What do you tell prospective student-athletes about what makes Michigan Strength and Conditioning great?
I tell them that we are here to help them excel as an athlete in every way possible and this is accomplished by doing things that are evidence-based. We don't just pick things out of the air and have the athletes do them; we have a reason and plan for doing what we do. Not only that, but we have one of the largest staffs Michigan has ever had. The benefit of that is that while the cross country team is working out, we always have a lot of eyes to make sure they are doing things correctly and safely -- those two things are very important to our staff. Finally, I tell them that their coach, our athletic training staff, and I are always on the same page as far as what they are doing. So if there is an injury or something is bothering someone, I can adjust their workout accordingly, which is one of the ways we individualize our programs for each athlete.
How do you tailor your training approach to cross county?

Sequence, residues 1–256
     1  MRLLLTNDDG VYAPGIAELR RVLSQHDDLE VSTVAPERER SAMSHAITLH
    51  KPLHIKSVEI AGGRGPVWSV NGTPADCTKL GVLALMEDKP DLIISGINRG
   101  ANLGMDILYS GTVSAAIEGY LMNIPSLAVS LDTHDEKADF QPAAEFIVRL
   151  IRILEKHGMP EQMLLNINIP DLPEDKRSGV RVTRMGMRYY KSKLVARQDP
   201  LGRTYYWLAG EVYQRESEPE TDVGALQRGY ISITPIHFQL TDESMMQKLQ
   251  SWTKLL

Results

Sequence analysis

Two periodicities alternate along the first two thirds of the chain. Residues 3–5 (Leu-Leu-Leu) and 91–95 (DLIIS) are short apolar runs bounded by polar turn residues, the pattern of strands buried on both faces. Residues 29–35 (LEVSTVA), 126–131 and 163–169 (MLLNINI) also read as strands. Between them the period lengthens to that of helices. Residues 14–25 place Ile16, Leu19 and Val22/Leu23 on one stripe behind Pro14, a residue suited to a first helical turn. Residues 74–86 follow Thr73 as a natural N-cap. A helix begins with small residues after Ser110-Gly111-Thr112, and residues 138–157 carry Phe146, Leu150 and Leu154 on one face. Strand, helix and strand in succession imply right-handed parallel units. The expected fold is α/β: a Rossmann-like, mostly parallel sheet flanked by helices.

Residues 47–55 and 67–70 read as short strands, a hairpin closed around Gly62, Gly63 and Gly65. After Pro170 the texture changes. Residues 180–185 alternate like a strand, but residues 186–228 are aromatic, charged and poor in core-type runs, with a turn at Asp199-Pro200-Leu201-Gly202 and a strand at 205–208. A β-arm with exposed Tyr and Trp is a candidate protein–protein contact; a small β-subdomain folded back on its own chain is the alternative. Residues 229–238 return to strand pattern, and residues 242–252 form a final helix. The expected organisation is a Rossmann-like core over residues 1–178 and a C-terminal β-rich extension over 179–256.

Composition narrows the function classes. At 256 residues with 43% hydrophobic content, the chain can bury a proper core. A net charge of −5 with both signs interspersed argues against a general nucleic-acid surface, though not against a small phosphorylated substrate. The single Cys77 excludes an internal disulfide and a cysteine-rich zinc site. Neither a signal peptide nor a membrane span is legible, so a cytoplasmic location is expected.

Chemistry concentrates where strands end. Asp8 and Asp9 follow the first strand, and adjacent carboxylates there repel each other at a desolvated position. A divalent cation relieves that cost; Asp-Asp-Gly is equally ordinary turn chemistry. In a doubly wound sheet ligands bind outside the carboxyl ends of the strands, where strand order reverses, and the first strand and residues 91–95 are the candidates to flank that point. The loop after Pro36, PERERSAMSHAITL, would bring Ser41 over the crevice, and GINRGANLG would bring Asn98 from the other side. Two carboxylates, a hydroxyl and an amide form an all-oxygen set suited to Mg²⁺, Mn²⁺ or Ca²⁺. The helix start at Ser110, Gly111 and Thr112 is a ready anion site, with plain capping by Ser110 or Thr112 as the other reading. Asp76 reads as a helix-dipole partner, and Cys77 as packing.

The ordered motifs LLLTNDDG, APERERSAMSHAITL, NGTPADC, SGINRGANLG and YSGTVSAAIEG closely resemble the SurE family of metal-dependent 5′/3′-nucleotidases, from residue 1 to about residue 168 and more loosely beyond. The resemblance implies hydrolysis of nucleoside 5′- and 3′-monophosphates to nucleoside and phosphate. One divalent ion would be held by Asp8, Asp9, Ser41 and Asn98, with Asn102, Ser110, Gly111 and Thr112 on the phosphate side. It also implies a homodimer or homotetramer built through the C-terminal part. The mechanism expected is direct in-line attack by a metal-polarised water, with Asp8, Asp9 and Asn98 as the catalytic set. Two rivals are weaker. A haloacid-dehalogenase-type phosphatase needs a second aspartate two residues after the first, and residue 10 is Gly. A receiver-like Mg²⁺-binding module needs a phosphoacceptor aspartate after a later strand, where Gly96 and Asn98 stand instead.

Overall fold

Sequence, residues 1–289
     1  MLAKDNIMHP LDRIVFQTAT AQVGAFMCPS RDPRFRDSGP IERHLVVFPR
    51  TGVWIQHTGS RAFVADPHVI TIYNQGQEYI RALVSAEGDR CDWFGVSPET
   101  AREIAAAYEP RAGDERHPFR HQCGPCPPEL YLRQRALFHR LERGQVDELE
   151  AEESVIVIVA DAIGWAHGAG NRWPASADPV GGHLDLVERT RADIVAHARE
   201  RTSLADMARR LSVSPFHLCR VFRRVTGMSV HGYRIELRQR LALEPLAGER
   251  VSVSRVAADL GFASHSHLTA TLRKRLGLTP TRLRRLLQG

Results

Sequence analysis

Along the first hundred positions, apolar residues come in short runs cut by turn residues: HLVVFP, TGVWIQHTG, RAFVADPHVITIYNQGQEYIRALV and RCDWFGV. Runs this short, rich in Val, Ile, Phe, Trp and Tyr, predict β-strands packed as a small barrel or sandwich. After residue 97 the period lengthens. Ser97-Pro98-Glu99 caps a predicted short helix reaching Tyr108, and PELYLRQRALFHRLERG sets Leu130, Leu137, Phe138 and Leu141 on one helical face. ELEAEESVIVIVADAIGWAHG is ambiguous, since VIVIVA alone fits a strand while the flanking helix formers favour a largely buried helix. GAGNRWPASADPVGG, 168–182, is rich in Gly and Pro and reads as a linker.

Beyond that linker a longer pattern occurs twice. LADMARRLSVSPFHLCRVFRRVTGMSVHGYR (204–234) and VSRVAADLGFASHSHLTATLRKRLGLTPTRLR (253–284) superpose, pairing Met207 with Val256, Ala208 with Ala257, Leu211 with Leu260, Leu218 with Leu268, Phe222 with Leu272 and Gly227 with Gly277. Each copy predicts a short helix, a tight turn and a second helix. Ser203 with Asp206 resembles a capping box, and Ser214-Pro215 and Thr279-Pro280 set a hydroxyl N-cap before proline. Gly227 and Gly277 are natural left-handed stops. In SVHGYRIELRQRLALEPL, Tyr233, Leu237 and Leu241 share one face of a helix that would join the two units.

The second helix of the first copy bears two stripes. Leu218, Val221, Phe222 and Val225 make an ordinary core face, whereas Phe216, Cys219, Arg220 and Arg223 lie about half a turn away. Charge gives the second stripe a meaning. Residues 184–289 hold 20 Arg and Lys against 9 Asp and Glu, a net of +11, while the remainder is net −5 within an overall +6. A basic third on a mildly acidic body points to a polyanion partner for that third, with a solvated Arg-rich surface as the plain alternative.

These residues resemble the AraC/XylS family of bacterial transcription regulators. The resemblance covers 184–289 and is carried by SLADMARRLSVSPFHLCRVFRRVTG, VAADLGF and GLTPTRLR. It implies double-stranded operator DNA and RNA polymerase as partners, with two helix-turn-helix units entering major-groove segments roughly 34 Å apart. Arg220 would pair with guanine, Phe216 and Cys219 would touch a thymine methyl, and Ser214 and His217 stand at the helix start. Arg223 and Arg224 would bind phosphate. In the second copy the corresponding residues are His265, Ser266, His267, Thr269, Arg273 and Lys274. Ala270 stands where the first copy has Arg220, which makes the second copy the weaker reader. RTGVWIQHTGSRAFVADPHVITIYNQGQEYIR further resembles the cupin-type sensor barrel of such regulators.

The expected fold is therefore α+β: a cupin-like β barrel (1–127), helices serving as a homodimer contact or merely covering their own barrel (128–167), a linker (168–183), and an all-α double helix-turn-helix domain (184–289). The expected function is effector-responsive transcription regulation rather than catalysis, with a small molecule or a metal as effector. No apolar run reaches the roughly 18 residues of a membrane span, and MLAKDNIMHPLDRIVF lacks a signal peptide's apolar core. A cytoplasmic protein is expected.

Strength and Conditioning for cross country athletes is much different from most other sports. Most other sports are strength and power sports and as such they need to be trained to improve those abilities. Cross country athletes are endurance athletes so the approach needs to be tailored toward improving some aspect of running performance. That being said, the primary reason for strength training these athletes is to improve running economy. This is the ability to efficiently utilize oxygen at a given speed, which is linked to increased performance. To do this, I have to be careful not to overload them with all the miles they put in each week. So during the summer time, I will have them do more traditional strength lifts such as the back squat, while their mileage hasn't hit its peak yet. This allows their bodies to get used to a heavier external load while their mileage is down. This increased strength that they will gain over the summer time is important because it will allow their own bodyweight to feel lighter while running, thereby reducing fatigue and ultimately increasing running economy. Once the season comes along, I will reduce the load by changing the squat to a dumbbell squat-to-press or bodyweight squat. This will allow them to keep their strength levels, while also improve muscular coordination which is tied into increasing running economy.